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School board wary of tax rate increase in bond election

Wednesday, June 21, 2017 by Joseph Caterine

Read their lips: no tax increase. With the exception of District 1 Trustee Edmund Gordon, the Austin Independent School District Board of Trustees was united in its stance against raising the tax rate with the 2017 Bond Package as it voted to adopt the proposed list of projects Monday night.

Before staff made its presentation, Superintendent Paul Cruz emphasized that this bond was for the first phase of the Facility Master Plan update (adopted in April) and could not immediately address all the needs of the school district. He reiterated the administration’s “worst first” prioritization policy. “When we looked at the amount of our needs, we had to actually tighten up that language and say it’s really about ‘worst-er first-er,’” he said.

Cruz introduced the package with another motto: “21st Century Learning Spaces Without a Tax Rate Increase.” He explained that the majority of the roughly $1.1 billion package would be funded mostly through bond dollars, a total currently at $990 million, as well as $44 billion in contingency funds from the 2013 bond and $40 million in estimated land sales.

Board President Kendall Pace said that the collaboration between staff, the Facilities and Bond Planning Advisory Committee and the community had been “fully vetted,” although she did make an apology to some communities like Eastside Memorial High School. Members from that community had testified during public comment about feeling left out of the decision to move the school to make room for the relocation of the Liberal Arts and Science Academy.

Gordon said that he has felt like Don Quixote charging the windmills as he has struggled against his fellow trustees on the LASA issue. He pointed out that the decision to move LASA had happened prior to the formation of the facilities and bond committee and that its relocation, if the current plan goes through, would result in three high schools in District 1 that are all predominantly black, brown and poor: LBJ, East Memorial and Reagan.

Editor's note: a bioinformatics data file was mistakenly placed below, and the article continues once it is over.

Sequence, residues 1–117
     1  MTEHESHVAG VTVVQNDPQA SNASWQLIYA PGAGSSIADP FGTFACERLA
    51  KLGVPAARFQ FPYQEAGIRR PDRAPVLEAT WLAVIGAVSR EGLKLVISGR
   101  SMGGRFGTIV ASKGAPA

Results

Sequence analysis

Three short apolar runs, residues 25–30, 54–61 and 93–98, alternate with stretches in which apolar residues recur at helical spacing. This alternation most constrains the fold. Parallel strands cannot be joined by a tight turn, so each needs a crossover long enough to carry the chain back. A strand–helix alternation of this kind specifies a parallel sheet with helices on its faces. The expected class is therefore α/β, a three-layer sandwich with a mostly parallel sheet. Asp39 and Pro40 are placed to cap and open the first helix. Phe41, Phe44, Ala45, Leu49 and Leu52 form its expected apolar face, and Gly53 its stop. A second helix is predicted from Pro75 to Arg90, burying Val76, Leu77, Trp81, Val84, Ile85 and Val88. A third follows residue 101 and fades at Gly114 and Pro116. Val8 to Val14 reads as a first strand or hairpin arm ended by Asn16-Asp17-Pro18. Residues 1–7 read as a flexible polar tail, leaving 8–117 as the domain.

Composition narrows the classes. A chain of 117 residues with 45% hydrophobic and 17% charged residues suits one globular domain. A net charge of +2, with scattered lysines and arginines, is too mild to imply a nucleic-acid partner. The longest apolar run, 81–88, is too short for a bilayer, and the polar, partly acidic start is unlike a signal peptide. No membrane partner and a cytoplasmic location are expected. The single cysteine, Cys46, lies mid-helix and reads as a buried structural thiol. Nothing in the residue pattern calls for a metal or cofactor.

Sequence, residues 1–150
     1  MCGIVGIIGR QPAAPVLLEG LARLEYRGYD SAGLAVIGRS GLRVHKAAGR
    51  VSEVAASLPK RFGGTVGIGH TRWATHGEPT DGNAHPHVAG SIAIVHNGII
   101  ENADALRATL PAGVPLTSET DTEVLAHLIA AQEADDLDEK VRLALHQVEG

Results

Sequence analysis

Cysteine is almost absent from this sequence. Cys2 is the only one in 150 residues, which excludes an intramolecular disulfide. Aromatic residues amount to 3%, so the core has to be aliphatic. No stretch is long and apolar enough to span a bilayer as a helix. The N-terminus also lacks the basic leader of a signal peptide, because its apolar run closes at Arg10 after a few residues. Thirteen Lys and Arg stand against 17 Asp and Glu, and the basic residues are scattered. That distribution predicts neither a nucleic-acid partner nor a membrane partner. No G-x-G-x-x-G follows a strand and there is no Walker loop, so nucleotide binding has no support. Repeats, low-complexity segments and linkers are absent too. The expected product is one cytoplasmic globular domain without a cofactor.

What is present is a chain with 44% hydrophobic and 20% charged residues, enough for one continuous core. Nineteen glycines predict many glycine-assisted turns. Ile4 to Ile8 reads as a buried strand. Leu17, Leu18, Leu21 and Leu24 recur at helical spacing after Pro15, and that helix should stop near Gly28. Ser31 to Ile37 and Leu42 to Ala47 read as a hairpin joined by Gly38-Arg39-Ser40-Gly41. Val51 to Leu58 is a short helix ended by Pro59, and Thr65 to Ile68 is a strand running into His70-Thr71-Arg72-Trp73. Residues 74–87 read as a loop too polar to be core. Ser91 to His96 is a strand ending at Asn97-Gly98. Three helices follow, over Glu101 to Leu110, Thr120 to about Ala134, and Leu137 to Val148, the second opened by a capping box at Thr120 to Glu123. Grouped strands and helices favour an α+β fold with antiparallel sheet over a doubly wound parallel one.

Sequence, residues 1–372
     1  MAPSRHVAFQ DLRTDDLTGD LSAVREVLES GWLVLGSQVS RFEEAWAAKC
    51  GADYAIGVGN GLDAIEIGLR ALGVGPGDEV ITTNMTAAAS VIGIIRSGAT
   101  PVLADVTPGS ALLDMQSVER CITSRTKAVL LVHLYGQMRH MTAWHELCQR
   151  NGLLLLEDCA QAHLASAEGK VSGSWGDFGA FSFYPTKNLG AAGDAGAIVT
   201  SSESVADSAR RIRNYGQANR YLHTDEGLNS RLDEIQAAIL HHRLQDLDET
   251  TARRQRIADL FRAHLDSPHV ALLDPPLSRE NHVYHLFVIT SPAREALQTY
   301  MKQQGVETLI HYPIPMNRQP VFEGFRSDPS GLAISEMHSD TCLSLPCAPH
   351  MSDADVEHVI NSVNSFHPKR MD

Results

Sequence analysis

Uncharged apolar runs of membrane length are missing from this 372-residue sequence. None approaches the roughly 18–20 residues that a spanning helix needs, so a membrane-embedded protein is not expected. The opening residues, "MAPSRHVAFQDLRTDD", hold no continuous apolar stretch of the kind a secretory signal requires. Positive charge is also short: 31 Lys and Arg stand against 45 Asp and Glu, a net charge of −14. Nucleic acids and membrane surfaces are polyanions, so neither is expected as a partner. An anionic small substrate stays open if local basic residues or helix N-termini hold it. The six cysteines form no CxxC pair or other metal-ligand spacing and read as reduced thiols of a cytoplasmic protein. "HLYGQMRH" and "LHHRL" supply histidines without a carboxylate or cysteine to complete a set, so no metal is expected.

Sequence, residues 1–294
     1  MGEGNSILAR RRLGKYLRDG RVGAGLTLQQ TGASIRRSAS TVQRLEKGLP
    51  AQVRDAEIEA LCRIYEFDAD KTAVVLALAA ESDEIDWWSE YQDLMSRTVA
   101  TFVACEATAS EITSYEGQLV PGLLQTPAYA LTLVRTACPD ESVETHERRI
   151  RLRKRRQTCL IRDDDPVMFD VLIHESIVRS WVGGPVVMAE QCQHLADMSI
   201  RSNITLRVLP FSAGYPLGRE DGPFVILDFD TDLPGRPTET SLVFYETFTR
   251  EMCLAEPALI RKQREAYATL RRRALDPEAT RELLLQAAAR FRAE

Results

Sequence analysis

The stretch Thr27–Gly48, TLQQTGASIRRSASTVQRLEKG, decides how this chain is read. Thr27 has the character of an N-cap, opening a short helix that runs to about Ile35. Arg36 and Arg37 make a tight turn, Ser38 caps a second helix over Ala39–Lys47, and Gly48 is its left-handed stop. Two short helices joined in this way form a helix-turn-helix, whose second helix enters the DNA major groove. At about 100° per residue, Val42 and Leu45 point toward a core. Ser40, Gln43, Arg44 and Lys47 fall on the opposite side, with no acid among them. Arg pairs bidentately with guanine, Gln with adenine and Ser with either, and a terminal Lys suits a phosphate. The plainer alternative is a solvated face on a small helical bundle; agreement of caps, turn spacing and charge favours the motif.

“This board has stated that desegregation is one of its principles. I don’t see it,” he said.

Gordon then proposed to amend the motion to approve the list by adding the modernization projects for Blazier and Cowan elementary schools and to initiate the construction of a new middle school in Mueller. Consultants with AECOM estimated that those additions would raise the bond total beyond $1.1 billion.

Chief Financial Officer Nicole Conley Johnson said that she would need more time to confirm whether or not that amount would impact the tax rate.

Trustees Yasmin Wagner, Julie Cowan and Cindy Anderson all expressed uneasiness about going over $1 billion with the bond amount for fear of a tax rate increase. Pace referenced some poll numbers (she did not specify which one) where over 70 percent of respondents said that they would prefer a bond that would not change the tax rate.

Gordon’s amendment failed 1-8, with the only affirmative vote being his own.

As an alternative, Gordon made a motion to add the same projects he had already suggested, but this time splitting the package into two propositions: one with the additional projects and the bulk of the original, and the other with LASA’s relocation and the associated projects. In that scenario, consultants said that the bigger prop would amount to just over $1 billion and the smaller prop would be $106 million. That motion also failed.

All other amendment proposals failed, with the exception of a proposal by Trustee Ann Teich to initiate the development of the middle school in Mueller if it was possible to do so and keep the bond dollar amount under $1 billion. That motion passed 4-1-4, but afterward trustees grew concerned about the implications of the amendment, which could possibly affect other projects in the package. After a failed effort to change Teich’s amendment, the board voted to rescind it.

Nevertheless, Cruz said that he would look into the possibility of including the Mueller project in the bond package and that he would report back at the next meeting.

Finally, after midnight, the board voted 8-1 to adopt the 40-item list of projects, with Gordon dissenting.

The board is expected to officially call the order for the bond election at next week’s meeting. There will be another opportunity to propose amendments, but unless those amendments involve costs less than $10 million, it’s unlikely the board will think they’re worth the risk.

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